• Tightens limits on how much more money schools can raise in property taxes and state aid, but state aid cuts could mean bigger property tax increases overall.
Wannabe Governor Walker seems to be complaining about tightening limits on increases in property taxes - but remember, he just signed a budget prohibiting increases in same.
• Ends in July 2010 an effective cap of 3.8 percent on increases in teachers’ pay and benefits.
I'm going to focus on the big picture here: public workers sacrifice just like everyone else.
Most have had absolutely no pay increases for years. They've had to take furlough days - no pay. Their cost of living has gone up just like everyone else's.
If you are a private-sector employee, I sincerely doubt that you'd have a problem with taking a job where you could have a decent pension/benefit package. I sincerely doubt that most of you would turn down a public-sector job with a living salary, benefits, cost-of-living adjustments at the very least. I would bet that you desire these for your children. While you had those, if you did, all of us were paying for them in some form or another.
I'm sorry that most of you (us!) in the United States have had to give up so much... but I am sad that it has led to such envy of/attitude toward, folks who really are not much better off than you: "I don't have (whatever), so why should YOU?"
• Cuts state payments to local governments by $30 million.
Well, Governor, you managed to more than triple that, to $96 million. Most counties and municipalities agree that the only "tools" they got were not "tools" at all - but merely hardware (screws). You've pushed the responsibility for layoffs and cutbacks to the local level - politically perhaps a good move for you, but anyone with half a brain will figure it out.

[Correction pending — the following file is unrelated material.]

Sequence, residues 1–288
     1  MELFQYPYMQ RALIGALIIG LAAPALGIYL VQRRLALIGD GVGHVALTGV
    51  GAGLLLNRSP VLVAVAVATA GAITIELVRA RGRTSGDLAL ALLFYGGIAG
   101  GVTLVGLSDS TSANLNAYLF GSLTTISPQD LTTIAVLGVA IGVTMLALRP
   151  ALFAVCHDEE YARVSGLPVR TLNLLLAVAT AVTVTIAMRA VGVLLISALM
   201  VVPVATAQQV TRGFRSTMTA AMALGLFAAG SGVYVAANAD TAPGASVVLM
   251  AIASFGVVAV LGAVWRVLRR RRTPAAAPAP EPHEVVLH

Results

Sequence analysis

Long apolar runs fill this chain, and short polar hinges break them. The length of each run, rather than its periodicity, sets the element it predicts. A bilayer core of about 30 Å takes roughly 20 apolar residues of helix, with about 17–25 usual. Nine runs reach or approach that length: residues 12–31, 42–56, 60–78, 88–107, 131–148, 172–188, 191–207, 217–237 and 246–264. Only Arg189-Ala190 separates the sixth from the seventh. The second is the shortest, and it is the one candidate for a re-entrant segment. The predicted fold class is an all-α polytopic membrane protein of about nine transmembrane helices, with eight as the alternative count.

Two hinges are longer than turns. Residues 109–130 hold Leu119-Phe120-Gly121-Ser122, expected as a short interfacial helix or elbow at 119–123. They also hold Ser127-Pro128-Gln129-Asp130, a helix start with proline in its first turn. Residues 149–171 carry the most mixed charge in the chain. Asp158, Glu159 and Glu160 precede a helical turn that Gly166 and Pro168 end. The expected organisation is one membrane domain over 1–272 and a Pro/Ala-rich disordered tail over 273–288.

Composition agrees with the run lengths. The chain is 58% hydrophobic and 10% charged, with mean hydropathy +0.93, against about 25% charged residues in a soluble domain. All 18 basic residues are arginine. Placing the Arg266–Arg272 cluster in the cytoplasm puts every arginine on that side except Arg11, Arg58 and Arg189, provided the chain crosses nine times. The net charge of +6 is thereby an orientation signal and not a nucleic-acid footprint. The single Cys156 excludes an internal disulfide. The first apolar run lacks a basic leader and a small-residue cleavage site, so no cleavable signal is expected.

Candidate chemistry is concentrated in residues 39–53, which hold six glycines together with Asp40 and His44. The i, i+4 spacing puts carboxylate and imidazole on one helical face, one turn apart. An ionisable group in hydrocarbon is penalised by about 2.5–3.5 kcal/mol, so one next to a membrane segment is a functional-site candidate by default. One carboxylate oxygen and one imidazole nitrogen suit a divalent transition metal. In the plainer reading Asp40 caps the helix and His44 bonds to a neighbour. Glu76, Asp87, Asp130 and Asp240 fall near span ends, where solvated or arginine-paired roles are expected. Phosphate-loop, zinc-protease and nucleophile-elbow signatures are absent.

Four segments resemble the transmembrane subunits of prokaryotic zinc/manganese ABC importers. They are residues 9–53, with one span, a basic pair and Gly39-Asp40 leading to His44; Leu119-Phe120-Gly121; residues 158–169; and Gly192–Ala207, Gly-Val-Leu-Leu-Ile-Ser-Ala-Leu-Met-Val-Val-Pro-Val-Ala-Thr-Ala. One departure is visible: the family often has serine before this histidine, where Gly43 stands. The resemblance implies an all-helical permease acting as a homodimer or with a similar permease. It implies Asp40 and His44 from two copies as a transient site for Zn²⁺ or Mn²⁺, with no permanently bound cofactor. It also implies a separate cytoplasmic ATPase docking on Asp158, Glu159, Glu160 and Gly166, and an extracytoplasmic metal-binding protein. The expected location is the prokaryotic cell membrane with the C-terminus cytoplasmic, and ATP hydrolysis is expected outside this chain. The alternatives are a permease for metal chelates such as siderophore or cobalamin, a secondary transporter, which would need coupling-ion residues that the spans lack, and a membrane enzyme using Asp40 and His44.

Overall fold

University of Wisconsin System and UW-Madison
• Allows faculty and staff to unionize.
They did - or at least they attempted to - but not 'til Governor Walker took office. Need I also remind you that Governor Walker still supports unions for public safety workers -many, many of whom are out there with the protesters - and I applaud that.
• Provides health insurance benefits to domestic partners of university and other state employees at a projected cost of up to $6.7 million annually.
Should I even "go there" on this subject? Heck, let them go on Medicaid/Badger care. Oh, wait, that's not going to work for 'em; the cuts to those programs won't allow it. Okay, let 'em show up in the ER when they're so sick they can't function. Oh, wait, we ALL end up paying for THAT. Okay, let them get their own insurance through their employers. Well, WHO DO YOU THINK PAYS FOR THAT? YOU DO! I DO! Companies can and do raise prices to cover health insurance for their employees.
A big of an aside? Don't forget, either, that some Walmart stores give some workers instructions for applying for Medicaid along with their new-employee handouts... (I can't find a link to support this, but I assure you I've seen it). Are we going to do the same for domestic partners of state employees? Yeah, I'm off on a tangent; that's why I didn't even want to get started...
• Provides $113 million for tuition grants for System students, reducing grants by about $300 per student this fall from Gov. Doyle’s proposal.
Somebody 'splain this to me. I think what he was saying was that reducing student aid was a bad thing. Well, then, he did a bad thing.
• Borrows $978 million for construction projects, including a new nursing school building at UW-Madison.
Check that off your list, Governor Walker.
(Amusing note: when I Googled this, one of the results included "Wisconsin Manure Management". Rather fitting.)
• Provides $15 million to retain talented faculty.
So let's destroy our world-class public university - why not? Despite the fact that it brings enormous revenue to our state, on many levels. It's part of our heritage - something all Wisconsinites can be proud of. The exodus has begun...
Health care and welfare
• Expands BadgerCare Plus eligibility to childless adults.
I'm not going to even get started on health care.
• Slows the rate at which Family Care is expanded